Marine Harvest's shares took a dive after the French TV documentary aired. (Photo: Stock File/ FIS)
Norwegian farmed salmon pesticide sours food relations
Thursday, July 01, 2010, 15:20 (GMT + 9)
Norwegian salmon producer Marine Harvest Group’s shares fell steeply to a 2010 low after a French TV documentary criticised pesticide use in salmon feed and as investors got ready for a rival Morpol's listing.
Marine Harvest shares dropped 5.1 per cent to NOK 4.45 (USD 0.68), having before reached a low of NOK 4.26 (USD 0.68) on Wednesday.
The company’s smaller peers, Cermaq and Salmar, both skid 2.3 per cent, respectively. The Oslo bourse's benchmark index fell 3.2 per cent, reports Reuters.
Shown on public television on Monday, the documentary condemned the Norwegian salmon industry for employing the pesticide diflubenzuron in feed to treat farmed salmon for infectious sea lice, saying it is environmentally harmful and toxic for fish.
TV coverage of the topic “Risks on a Plate” on the show “Exhibits” told that most fish on the French market does not meet toxicity safety standards, The Foreigner reports.
Norway's Fisheries Minister Lisbeth Berg-Hansen called the chemical safe for humans and fish and approved for use in aquaculture both in Norway and the European Union (EU).
"Diflubenzuron is not dangerous to the salmon, but to salmon lice," she told.
She specified that it was a last resort method to rid the fish of lice.
French Agriculture Minister Bruno Le Maire was a guest on the show along Dr Patrice Halimi, Secretary General of the Association for Health and Environment France, and asserted he was “shocked” by the findings. Le Maire was “revolted” by the knowledge that fish are fed pesticides, especially as “no one knows what damage they can cause to human health.”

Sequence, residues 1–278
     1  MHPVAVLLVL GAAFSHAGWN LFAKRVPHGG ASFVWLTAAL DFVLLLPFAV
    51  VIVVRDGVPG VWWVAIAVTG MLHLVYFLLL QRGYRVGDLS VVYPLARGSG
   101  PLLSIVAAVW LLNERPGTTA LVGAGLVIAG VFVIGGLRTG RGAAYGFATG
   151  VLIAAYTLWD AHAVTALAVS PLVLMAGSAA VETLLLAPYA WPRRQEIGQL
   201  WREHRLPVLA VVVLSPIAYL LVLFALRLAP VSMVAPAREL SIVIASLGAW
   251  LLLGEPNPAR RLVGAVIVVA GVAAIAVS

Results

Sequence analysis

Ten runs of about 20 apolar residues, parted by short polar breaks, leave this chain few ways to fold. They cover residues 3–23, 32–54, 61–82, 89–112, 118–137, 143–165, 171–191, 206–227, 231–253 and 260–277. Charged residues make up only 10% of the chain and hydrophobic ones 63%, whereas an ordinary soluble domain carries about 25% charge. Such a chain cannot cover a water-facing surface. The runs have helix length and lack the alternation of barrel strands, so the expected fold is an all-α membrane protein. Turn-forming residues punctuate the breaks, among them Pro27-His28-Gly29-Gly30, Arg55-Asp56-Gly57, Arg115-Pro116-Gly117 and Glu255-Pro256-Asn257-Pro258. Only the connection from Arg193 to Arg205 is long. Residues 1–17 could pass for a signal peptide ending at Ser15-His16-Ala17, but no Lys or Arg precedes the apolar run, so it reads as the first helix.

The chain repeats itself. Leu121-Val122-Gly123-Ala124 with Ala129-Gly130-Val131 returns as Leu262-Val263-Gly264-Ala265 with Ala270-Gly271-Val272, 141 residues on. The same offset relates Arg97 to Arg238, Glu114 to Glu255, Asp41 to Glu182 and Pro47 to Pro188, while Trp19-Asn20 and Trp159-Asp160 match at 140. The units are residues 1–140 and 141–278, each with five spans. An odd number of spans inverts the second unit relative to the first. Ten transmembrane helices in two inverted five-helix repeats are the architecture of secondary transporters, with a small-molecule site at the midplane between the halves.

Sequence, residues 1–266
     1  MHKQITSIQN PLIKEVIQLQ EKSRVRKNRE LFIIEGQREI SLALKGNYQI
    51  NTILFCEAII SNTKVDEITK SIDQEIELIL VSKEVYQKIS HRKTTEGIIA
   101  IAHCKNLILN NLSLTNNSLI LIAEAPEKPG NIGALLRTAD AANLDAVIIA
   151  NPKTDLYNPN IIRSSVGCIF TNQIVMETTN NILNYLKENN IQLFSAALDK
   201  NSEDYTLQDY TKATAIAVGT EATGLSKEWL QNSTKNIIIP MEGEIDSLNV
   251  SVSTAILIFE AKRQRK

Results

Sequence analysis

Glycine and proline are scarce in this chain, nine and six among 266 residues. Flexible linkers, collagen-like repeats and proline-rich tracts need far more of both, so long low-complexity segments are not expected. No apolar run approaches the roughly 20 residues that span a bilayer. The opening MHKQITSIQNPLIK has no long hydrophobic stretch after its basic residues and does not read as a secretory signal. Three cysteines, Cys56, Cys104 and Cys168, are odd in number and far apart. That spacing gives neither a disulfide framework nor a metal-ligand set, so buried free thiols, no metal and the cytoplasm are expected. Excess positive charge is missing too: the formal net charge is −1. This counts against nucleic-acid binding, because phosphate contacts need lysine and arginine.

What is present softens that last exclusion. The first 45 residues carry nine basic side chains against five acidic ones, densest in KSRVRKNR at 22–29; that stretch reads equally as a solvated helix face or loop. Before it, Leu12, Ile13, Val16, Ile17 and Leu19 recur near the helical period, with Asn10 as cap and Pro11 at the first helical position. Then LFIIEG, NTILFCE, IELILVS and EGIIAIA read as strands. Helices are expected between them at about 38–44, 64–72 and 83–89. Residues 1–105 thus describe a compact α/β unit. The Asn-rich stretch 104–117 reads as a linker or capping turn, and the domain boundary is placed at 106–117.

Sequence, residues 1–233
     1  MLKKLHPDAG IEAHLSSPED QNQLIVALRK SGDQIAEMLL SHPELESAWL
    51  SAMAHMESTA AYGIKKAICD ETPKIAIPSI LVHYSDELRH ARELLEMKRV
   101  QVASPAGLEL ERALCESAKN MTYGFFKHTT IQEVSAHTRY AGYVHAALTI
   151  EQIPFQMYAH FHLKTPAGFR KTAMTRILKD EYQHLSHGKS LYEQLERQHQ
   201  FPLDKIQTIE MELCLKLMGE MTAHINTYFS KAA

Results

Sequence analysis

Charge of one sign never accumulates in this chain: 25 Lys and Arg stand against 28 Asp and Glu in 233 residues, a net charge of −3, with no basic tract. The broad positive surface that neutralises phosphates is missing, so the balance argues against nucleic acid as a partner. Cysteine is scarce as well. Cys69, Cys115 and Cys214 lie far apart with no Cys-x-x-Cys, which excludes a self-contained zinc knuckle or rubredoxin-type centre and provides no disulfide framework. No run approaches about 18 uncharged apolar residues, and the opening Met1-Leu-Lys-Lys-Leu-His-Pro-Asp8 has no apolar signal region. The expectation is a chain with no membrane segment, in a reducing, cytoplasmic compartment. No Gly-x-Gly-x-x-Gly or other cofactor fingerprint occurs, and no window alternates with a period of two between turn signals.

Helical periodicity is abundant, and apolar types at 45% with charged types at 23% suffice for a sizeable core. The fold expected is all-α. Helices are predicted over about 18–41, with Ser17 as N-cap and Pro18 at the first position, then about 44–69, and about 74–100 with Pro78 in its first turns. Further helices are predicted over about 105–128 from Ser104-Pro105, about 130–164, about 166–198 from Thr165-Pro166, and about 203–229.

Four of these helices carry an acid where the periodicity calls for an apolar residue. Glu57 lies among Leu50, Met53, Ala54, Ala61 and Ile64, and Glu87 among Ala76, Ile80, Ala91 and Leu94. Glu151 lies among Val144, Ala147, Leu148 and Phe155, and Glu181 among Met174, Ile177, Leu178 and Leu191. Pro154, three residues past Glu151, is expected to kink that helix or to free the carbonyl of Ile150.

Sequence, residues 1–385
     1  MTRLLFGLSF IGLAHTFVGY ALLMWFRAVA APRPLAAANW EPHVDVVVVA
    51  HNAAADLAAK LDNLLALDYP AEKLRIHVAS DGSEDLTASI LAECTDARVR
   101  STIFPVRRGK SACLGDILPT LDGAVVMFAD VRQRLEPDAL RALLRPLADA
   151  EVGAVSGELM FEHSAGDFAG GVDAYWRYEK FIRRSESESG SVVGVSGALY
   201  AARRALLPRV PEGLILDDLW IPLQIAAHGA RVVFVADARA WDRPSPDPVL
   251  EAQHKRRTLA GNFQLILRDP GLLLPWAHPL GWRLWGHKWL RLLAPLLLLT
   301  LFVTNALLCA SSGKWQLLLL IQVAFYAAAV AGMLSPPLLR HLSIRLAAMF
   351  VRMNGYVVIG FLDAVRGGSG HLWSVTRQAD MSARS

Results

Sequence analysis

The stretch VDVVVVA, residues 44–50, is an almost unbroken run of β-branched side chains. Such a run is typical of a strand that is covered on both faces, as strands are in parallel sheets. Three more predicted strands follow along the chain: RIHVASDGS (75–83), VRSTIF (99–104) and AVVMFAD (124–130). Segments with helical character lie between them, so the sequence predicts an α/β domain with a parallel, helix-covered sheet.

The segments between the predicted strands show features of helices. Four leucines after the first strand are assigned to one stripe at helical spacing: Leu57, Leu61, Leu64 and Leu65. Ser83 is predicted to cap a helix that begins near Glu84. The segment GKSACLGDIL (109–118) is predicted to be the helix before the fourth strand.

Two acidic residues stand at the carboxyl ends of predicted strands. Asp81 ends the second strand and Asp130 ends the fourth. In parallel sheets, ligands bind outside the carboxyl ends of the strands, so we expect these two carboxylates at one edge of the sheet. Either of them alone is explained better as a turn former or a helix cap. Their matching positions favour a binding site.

He contacted Berg-Hansen once aware of the report, the French ministry said.
"In response, Berg-Hansen ... said that Norwegian farmed salmon producers use a veterinary medicine authorised by national authorities, issued after a scientific evaluation that looked at all safety issues," the French Ministry said in a statement.
Sea lice are a chief problem for fish farmers because the salmon live so close together in giant nets off the coast. The parasite kills salmon and has caused millions of dollars worth of losses for the industry.
Analysts noted that Morpol's share issue was drawing liquidity from investors in the sector and some said the French TV report was not the main catalyst, according to Reuters.
"There is no doubt that the French market is the biggest market for (Norwegian) salmon, and an incredibly important market for Norway, but I simply do not think this affects the share price all that much," DnB NOR Markets analyst Klaus Hatlebrekke opined.
Morpol was listed on Oslo Bourse on Wednesday, having on Monday issued 66 million shares at NOK 22 (USD 3.39) per share.
By Natalia Real